MEDTEC, the maker of the life-saving and cancer-preventing drug AZT, has reported its first profit since the company began trading in July 2017.
The Australian Securities Exchange (ASX) has opened an inquiry into the company after a series of issues raised by investors, including the price it paid for the company’s stock, which is down by more than 30 per cent in the last three years.
Investors have complained that Medtec, which was valued at $US3.5 billion in the third quarter of 2017, has been unable to make any profits in a market where drug prices have soared by over 80 per cent since the early 2020s.
It has faced criticism from some investors, who have been critical of its ability to raise enough capital to continue operating.
The company’s chief executive, Ian Robson, has admitted that the company had struggled to meet its business targets and had to make tough decisions in the run-up to the launch of the new medication, which has a long list of side effects.
But Mr Robson has said that the business has come back.
“The company’s business has been doing well and I’m very pleased with the way it’s done, but I do recognise there’s a lot of work to do and I think we’ll be able to do that in the coming months and years,” he said.
He added that the price of the company has not changed significantly since its launch, suggesting that investors should be patient and do not take the stock at face value.
“We’ve had to come up with a lot to keep pace with the market but the market is moving very rapidly and we’re going to keep trying to keep the price down,” he told the ABC.
“I think you’re going, in my view, to see the value increase, the stock price rise and we’ll continue to do well.”
Mr Robison also said that investors had not been treated well.
“It’s been a very difficult quarter for the board and investors and we’ve had a lot going on.
We have made decisions to take a lot more capital, to take longer-term, to make some really tough decisions that have really put our business at risk,” he added.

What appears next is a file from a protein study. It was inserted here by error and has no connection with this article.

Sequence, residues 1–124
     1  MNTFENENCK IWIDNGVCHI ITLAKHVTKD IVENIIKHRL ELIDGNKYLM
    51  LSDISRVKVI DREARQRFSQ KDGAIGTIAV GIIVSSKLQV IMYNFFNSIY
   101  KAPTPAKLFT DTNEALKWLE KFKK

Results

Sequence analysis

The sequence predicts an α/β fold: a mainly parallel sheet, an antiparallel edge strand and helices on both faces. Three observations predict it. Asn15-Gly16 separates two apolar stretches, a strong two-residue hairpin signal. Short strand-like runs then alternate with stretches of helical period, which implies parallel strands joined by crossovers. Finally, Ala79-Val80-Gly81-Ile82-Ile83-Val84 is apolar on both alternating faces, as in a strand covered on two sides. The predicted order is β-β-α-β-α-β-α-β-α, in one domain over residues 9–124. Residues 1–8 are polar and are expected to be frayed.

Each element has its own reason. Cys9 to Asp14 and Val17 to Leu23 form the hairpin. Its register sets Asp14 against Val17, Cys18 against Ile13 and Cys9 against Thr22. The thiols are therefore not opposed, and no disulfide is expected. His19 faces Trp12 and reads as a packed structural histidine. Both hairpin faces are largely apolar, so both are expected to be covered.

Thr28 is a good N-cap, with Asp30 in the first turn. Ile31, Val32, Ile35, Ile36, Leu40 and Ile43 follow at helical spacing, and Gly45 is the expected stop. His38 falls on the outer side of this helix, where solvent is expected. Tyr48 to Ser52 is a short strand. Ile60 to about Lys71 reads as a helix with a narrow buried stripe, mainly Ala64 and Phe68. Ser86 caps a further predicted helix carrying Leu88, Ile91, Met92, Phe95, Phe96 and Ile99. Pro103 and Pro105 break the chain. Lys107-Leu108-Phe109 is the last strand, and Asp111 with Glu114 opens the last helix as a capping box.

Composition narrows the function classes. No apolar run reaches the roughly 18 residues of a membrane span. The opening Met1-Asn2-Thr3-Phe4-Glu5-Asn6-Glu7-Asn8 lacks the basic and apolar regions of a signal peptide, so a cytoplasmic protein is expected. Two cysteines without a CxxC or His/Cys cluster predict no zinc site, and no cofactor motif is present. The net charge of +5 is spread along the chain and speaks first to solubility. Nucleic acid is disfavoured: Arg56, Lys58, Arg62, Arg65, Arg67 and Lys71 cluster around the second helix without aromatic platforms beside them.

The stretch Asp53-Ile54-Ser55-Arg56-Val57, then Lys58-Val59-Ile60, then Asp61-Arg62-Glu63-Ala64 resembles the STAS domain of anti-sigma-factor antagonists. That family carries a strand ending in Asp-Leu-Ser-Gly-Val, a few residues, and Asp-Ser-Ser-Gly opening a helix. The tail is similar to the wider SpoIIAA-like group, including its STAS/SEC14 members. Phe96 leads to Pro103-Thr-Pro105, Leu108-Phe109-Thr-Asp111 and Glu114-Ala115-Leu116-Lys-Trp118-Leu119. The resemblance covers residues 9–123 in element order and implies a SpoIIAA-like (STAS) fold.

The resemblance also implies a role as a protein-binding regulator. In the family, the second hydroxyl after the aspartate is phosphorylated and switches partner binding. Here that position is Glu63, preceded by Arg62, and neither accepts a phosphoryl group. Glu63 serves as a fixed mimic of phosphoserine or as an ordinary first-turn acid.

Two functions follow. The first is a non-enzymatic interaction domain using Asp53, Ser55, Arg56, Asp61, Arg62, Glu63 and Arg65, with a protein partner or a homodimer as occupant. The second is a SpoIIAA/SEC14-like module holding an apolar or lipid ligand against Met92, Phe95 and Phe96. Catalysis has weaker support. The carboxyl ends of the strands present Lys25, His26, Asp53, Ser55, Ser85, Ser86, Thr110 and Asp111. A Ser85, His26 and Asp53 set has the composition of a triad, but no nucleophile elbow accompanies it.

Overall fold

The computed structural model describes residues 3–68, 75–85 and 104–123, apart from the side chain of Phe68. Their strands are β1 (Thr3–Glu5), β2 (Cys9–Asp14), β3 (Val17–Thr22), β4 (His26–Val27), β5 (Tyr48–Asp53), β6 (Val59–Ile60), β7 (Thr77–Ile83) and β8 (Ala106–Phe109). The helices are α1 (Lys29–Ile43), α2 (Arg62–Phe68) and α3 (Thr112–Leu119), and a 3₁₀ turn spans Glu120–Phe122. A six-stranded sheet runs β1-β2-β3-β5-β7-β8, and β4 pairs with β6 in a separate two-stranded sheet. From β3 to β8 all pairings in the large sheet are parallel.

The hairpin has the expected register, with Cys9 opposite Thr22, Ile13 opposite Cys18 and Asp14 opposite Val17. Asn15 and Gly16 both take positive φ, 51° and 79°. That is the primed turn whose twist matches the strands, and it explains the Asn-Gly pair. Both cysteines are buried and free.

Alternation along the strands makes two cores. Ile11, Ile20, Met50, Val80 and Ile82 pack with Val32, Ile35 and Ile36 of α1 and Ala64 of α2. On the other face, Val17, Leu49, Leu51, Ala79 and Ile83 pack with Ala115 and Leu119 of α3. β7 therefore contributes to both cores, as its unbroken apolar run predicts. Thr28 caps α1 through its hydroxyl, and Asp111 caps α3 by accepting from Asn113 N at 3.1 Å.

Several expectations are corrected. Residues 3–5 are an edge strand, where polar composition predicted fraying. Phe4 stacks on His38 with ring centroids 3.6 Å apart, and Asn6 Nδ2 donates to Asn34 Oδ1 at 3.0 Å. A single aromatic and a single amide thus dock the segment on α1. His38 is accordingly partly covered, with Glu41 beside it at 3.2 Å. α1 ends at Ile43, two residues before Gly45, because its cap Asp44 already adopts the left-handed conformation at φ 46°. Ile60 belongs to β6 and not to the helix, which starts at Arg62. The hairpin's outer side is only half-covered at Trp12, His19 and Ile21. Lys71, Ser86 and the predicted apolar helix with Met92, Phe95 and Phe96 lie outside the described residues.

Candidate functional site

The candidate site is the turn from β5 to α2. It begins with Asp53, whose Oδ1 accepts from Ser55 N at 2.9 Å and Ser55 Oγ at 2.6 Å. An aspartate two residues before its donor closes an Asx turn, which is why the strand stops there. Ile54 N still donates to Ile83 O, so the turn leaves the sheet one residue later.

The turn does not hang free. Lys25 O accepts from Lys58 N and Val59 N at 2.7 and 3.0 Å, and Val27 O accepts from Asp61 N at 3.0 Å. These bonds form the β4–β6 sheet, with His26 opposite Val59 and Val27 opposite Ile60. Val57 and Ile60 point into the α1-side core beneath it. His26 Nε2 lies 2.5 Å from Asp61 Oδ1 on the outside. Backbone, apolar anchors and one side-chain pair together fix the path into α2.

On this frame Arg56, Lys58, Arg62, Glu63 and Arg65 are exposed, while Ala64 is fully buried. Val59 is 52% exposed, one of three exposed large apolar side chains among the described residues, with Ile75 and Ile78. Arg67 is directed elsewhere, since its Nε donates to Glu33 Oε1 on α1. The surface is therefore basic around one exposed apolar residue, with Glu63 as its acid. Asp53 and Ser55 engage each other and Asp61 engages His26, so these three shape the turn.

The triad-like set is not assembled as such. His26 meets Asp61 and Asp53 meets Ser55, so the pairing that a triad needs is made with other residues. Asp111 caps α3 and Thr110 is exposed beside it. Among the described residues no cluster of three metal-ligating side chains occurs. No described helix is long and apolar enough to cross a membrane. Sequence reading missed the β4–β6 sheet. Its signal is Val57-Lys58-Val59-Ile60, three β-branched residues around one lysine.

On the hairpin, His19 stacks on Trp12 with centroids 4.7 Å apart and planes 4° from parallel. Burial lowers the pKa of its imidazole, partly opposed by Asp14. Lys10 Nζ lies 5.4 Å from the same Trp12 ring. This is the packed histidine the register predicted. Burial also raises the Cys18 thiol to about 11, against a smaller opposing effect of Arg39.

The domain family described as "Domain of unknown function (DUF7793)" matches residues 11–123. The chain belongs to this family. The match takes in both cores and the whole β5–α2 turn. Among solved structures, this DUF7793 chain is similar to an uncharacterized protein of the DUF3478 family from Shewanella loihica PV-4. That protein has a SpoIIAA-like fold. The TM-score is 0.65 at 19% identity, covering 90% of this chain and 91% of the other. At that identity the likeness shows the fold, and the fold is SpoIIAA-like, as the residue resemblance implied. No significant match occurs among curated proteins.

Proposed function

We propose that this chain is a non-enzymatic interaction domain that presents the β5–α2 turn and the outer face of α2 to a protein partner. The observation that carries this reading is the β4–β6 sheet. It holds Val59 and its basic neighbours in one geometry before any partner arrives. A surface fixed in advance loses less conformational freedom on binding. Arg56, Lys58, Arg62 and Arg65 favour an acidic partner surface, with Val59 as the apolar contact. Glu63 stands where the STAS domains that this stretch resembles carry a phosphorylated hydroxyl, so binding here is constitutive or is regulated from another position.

Mr Roberson said the company would make a decision on its future “in the next few weeks”.
The company has struggled to raise capital for its drug development project, and has been forced to take on significant debt to finance its operations.
In 2018, it announced that it would close a $US7 million ($US11.3 million) loan, and in 2019 it took a $2 million line of credit.
It also said it would be raising a $5 million capital injection.
Mr Robertson said that while the company was unable to generate the cash required to continue with the development of the medication, it had been able to invest in other businesses and had invested in several new projects in Australia.
“This is not something we’re looking to just cash out and go out of business,” he noted.
“At this point we’re working very hard to raise the capital and we believe that the financial position will enable us to continue to meet the business objectives we have set out for ourselves.”
He added: “We’re also working to meet our operational requirements, which we believe are in line with the expectations of the market.”
Investors are being told to be patient, but the company still faces significant financial challenges, as the price has remained above the $US1,000 per pill that it was able to achieve in the early years of the drug’s development.
A key investor, investment firm M&G Investments, also criticised the company for not doing enough to manage its risks.
“If this were not the case, Medtronics would be in a much stronger position to achieve a profit,” M&M Investments chief executive Ian Rennie said.
“As it is, it’s in the red.”
Medtisco shares have lost over 20 per cent of their value in the past six months, and investors have warned that the drug could be downgraded by as much as 30 per, according to a recent analysis by market analyst Fiserv.